Dojo
17-03-2013, 12:00 PM
"The Jonestown mob" ?

If ?

Would you not calm down a bit. It is a serious matter. But if an individual chooses not to report to police, that is their decision and in cases of rape virtually impossible to get a conviction without the evidence of the person who was raped. If it was not reported on the basis of threats, not choice, then that would I think be very serious. But these are all allegations, topped with media speculation and rumour, so it would be very unwise to try to draw conclusions at this stage.

Do I look like I'm making light of a serious matter? The SWP clearly exhibits all the classic signs of a cult. Domineering leadership, sexual abuse, internal "courts". The SWP makes Scientology look respectable.

Oh and it's not just me making the suggestion that the SWP is a cult or a dangerous self serving bunch of prats..............

Is The SWP A Cult? (http://trotskyschildren.blogspot.ie/2012/12/is-swp-cult.html)

A Deeper Insight Into The Group Psychology Of The Irish Swp (http://www.indymedia.ie/article/100833) ~ A critique of the Irish office of the UK SWP.

Why 'leftists revolutionaries' are not the best feminists (http://www.guardian.co.uk/commentisfree/2013/feb/03/far-left-no-place-feminists-rape)

The SWP and rape: why I care about this Marxist-Leninist implosion (http://www.guardian.co.uk/commentisfree/2013/mar/12/swp-rape-implosion-why-i-care)

Note all are from the left. Hmmm...........

As for your last sentence you'll forgive me if I laugh my arse off at the sheer hypocrisy displayed. You, and many others, didn't have any qualms about rushing in and speculating over possible transgressions of the newly elected Pope, BEFORE the man had even been elected FFS. I appreciate that this site was created principally for fluffing up the far left and socialism in general, but you'll have to accept some critique of your beloved ideology from time to time. :)

C. Flower
17-03-2013, 12:32 PM
Do I look like I'm making light of a serious matter? The SWP clearly exhibits all the classic signs of a cult. Domineering leadership, sexual abuse, internal "courts". The SWP makes Scientology look respectable.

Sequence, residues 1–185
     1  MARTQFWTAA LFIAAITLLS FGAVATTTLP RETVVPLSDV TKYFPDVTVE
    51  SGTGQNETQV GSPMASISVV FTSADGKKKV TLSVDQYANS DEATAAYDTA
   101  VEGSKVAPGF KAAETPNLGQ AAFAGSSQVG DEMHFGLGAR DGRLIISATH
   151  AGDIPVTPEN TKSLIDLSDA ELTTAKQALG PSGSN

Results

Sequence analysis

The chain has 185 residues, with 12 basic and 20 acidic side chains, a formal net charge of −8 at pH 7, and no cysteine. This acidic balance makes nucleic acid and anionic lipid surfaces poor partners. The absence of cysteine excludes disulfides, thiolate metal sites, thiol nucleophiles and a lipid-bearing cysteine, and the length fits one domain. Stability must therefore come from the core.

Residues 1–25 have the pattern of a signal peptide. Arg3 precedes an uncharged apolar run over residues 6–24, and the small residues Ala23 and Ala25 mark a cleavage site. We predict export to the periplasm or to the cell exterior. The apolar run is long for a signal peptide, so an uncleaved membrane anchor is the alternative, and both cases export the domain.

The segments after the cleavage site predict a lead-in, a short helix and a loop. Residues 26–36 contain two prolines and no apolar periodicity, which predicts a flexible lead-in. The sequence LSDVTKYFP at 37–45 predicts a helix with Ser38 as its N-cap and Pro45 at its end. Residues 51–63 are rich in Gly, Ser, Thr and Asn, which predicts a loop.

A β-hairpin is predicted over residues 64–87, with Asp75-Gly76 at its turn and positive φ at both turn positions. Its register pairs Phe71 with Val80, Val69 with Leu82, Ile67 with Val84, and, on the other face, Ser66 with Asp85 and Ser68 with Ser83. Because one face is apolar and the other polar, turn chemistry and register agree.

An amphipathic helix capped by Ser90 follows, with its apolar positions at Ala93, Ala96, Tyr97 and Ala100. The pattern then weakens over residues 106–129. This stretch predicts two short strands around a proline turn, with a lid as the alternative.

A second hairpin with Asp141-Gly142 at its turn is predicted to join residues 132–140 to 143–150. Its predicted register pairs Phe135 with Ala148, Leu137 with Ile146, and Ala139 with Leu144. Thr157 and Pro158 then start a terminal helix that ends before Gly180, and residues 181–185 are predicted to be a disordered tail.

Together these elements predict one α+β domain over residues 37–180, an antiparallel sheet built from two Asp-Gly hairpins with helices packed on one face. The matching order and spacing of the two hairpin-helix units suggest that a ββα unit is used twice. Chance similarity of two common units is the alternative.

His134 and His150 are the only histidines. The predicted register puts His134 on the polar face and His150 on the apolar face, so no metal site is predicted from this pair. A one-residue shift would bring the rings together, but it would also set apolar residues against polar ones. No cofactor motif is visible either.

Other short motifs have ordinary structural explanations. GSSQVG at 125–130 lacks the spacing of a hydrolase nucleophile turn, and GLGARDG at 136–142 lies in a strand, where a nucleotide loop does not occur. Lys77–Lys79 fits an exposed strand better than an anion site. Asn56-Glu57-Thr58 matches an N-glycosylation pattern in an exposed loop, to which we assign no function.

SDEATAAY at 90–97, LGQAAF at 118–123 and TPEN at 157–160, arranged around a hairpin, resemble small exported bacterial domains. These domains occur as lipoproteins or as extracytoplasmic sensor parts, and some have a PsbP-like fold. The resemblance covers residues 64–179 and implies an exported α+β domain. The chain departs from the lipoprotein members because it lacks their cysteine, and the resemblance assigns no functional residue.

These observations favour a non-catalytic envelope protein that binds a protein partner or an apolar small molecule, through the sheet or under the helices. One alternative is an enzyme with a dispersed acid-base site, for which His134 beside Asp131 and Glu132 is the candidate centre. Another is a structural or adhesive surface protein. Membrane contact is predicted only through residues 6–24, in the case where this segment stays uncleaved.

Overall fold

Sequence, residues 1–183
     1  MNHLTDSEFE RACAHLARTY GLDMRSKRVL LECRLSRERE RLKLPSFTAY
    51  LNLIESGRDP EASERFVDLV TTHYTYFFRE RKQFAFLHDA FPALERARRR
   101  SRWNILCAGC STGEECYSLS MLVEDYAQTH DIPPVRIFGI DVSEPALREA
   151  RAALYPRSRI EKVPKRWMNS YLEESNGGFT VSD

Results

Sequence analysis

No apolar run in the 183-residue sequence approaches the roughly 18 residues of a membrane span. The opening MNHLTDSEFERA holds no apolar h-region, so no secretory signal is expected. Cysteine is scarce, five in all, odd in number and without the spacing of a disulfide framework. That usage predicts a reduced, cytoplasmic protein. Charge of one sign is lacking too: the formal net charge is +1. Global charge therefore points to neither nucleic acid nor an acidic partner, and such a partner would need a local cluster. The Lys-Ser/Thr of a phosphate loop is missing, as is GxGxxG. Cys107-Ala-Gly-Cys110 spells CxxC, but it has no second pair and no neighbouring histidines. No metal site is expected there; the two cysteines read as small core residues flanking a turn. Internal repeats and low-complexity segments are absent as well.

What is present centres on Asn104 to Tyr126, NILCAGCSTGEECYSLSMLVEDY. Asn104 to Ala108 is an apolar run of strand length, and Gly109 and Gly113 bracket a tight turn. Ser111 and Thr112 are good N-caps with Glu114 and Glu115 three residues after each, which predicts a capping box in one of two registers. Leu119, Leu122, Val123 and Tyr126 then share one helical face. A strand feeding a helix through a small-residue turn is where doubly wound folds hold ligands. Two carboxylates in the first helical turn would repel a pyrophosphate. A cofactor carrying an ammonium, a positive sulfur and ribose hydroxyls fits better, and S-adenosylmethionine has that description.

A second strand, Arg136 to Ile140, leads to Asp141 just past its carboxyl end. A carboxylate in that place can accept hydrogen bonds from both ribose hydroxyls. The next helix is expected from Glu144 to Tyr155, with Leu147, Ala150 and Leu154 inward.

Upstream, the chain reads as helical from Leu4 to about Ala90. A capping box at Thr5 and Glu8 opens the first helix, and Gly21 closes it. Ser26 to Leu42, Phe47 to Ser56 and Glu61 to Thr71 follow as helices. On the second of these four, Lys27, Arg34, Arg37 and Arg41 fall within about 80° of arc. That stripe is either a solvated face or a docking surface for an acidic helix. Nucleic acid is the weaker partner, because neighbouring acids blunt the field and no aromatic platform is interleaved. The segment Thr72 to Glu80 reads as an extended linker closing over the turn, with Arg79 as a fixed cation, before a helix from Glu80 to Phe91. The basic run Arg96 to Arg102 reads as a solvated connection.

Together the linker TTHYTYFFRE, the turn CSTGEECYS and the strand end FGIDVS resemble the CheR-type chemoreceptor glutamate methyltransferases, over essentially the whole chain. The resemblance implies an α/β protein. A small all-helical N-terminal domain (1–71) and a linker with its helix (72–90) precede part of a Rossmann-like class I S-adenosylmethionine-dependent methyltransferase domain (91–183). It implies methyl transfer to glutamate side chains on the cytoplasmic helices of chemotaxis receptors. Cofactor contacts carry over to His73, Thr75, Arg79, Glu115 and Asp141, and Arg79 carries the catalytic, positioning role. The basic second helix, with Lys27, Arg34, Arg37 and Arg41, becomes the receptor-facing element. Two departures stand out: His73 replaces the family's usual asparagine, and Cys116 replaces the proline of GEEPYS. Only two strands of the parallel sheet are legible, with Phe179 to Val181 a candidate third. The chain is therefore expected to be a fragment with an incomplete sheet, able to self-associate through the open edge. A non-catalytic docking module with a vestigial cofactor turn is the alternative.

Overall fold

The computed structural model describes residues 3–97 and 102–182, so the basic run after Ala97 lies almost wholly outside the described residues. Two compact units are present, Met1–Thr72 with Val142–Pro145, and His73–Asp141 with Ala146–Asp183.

Oh and it's not just me making the suggestion that the SWP is a cult or a dangerous self serving bunch of prats..............

Is The SWP A Cult? (http://trotskyschildren.blogspot.ie/2012/12/is-swp-cult.html)

A Deeper Insight Into The Group Psychology Of The Irish Swp (http://www.indymedia.ie/article/100833) ~ A critique of the Irish office of the UK SWP.

Why 'leftists revolutionaries' are not the best feminists (http://www.guardian.co.uk/commentisfree/2013/feb/03/far-left-no-place-feminists-rape)

The SWP and rape: why I care about this Marxist-Leninist implosion (http://www.guardian.co.uk/commentisfree/2013/mar/12/swp-rape-implosion-why-i-care)

Note all are from the left. Hmmm...........

As for your last sentence you'll forgive me if I laugh my arse off at the sheer hypocrisy displayed. You, and many others, didn't have any qualms about rushing in and speculating over possible transgressions of the newly elected Pope, BEFORE the man had even been elected FFS. I appreciate that this site was created principally for fluffing up the far left and socialism in general, but you'll have to accept some critique of your beloved ideology from time to time. :)

What I'm saying is based on what Francis did before he was Pope.

Also, I have not been calling for the Church to be shut down by force and everyone in it arrested, even though it is clearly proven responsible for many thousands of rapes.

Perhaps, on reflection, I should be.

Saoirse go Deo
17-03-2013, 12:41 PM
Internal discipline committees should only deal with things like bullying or theft, not rape. The only thing they should do is suspend them while the police investigate. They could provide support - details of groups that could help the alleged victim. They can't make rulings about accusations of rape in the absence of a criminal conviction. Not only is it bad practice to deal with such serious matters internally because of the possibility of coverups (or the perception of them) it also leaves the party wide open for litigation from the person accused.

Dr. FIVE
17-03-2013, 04:38 PM
accept some critique of your beloved ideology from time to time

I don't think sexual violence and the inability to deal with it has much to do with marxism tbh. Quite the opposite in fact. We've seen the SWP behaviour repeated across a number of institutions at this stage (from the Vatican to the Libdems) though they are making a good go at breaking new ground right enough. These are all questions of power. The party is finished as far I'm concerned and even without my opinion it's predominantly the youth who have lead the charge and left in droves. There will remain serious question of what will be left of the party but one already answered is they have no place in emancipatory politics.

As for cult, take a look at Fianna Fáil or almost any other political party.

Some of that might read like whataboutery but I only give broader examples because the issues are so pervasive. Not confined to any one group, party or workplace.

We can live without the SWP. The whole thing will at least further the left examining these things, as it has to.

C. Flower
17-03-2013, 05:57 PM